Rena Lindevaldsen, a Liberty Counsel attorney, offered insights into the group’s legal thinking when she delivered a lecture to the Liberty University School of Law, which named Lindevaldsen its interim dean after Staver decided to dedicate more time to his work at Liberty Counsel.
Lindevaldsen told students in a speech entitled, “Do Government Officials Have Authority to Impose Their Morals on Others?,” that any law that is not “consistent with Scripture” — or, more accurately, their interpretation of scripture — is no law at all, and therefore, officials are obligated to break such laws since “civil government only has the authority that God has established.”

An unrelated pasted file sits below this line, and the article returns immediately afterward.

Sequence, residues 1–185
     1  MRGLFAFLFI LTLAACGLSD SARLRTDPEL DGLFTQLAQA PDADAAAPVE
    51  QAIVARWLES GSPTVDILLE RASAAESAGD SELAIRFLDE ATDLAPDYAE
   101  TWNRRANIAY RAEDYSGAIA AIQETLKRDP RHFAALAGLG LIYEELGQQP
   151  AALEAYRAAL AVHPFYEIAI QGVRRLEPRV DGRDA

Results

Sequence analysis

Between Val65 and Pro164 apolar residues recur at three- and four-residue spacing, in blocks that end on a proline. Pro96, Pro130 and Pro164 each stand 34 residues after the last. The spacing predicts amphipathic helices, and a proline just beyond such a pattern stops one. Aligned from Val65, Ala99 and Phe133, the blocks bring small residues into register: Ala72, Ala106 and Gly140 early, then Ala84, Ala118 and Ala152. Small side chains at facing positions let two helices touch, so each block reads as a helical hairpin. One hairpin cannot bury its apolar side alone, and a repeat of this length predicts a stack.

With this reasoning, Liberty Counsel thinks that officials can impose their morals on others as long as they are acting according to their understanding of the Bible, and therefore don’t need to respect the legalization of same-sex marriage because its unbiblical. “Whether it’s zoning or taxes or marriage or abortion, in those issues, government doesn’t have authority to say that these things are appropriate because they’re contrary to Scripture,” she said.
2) Davis was elected before Obergefell, so she’s exempt
In one positively bizarre defense of Davis, Keith Fournier said that Davis’ oath to uphold the laws only requires her to uphold the laws that were in effect before January 2015, when she was sworn into office.